A successful legal appeal has allowed London’s iconic Fabric nightclub to reopen after licensing bosses agreed to strict new licensing conditions. David Edwards, a contentious licensing expert at Harrison Drury solicitors, looks at the steps other licensees can take to keep their premises licence.
Make your club’s policies subjective and bespoke
The main message to take away from the Fabric nightclub case, and others like it, is that all licensees can take preventative action to significantly reduce the risk of losing their premises licence.
All licensees and those employed by them have the ability to influence their policies and procedures so they don’t end up in a position where their licence is put at risk.
The main way licensees can do this is by tailoring their policies to the business and leaving nothing to chance. By this I mean that drug, alcohol and security policies should be informed by the layout, culture and clientele of the premises.
Training of club and security staff needs to be thorough, while an exhaustive approach should be taken to ensuring they understand the policies and how to act on them.
Understand what your business is and what the risks are
The outpouring of public support for Fabric was evidenced by the £320,000 raised by supporters to appeal its closure, the public backing of celebrities and even the intervention in the debate of London mayor Sadiq Khan.
For a club to evoke that strength of feeling from people, shows the fan base it had, particularly amongst the underground dance music community. At the end of the day, Fabric is an ‘underground’ electronic dance music venue and there is a recreational drug-use culture that goes hand-in-hand with this scene.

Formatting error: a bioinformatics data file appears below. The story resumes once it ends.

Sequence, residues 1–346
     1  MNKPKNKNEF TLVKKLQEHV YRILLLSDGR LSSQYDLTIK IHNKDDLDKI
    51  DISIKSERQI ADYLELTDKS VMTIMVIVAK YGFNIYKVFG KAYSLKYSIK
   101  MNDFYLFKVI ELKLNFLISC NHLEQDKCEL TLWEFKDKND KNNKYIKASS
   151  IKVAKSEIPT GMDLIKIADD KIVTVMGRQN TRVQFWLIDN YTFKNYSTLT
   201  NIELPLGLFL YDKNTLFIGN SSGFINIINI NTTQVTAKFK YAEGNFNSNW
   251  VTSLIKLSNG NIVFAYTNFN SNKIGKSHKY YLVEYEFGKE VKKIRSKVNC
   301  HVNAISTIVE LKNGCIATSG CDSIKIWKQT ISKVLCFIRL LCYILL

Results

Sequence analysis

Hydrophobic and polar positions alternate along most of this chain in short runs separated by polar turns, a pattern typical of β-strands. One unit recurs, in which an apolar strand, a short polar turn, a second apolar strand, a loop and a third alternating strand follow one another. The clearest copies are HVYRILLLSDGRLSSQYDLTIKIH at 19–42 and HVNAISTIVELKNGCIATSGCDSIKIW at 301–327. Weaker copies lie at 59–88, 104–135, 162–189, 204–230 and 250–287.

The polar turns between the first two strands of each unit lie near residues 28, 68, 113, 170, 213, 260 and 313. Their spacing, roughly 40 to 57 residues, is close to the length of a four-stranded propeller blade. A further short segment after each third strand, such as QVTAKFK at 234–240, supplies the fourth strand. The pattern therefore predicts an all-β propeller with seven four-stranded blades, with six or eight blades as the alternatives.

All licensees have to be honest with themselves about what goes on, and what has the potential to go on, inside their premises and be able to demonstrate they have a determination to tackle illegal behaviour and take every possible precaution to keep people safe.
The drugs risk cannot be ignored
Following the drug-related deaths of two young men at the club, Fabric clearly had a problem with drugs, which it acknowledged when it admitted to the court that “procedures in relation to searching were insufficient, as were its procedures to prevent the consumption and dealing of drugs within the club itself”.
Therefore, licensees in the club industry, particularly where there is increased risk of drug-use, need to have robust mechanisms in place to deter drug dealing and drug use.
This means more scrupulous drugs searches, better circulation of security staff within the club (especially in a club like Fabric, where the layout of the venue is like a labyrinth) better use of CCTV and clear procedures for ejecting and banning those using and dealing drugs, and also reporting such behaviour to the police.
The steps Fabric is now taking, such as banning anyone under 19, having ID scanners and enforcing lifetime bans on anyone caught asking for drugs, should help it tackle the drug problem. They can serve as an example to other clubs of the precautions they may have to take if they want to keep their licence.
Even clubs without a known drug problem should be taking every precaution to deter drug taking. Meanwhile, the risk of underage drinking can be tackled through policies like Challenge 25 and improved door security.
David Edwards heads up Harrison Drury’s regulatory and licensing team and is an expert in defending large contentious licencing matters in the entertainment and night-time economy sectors. David secured the first successful Crown Court appeal against a Police Closure Order in the UK, for a large night-time venue.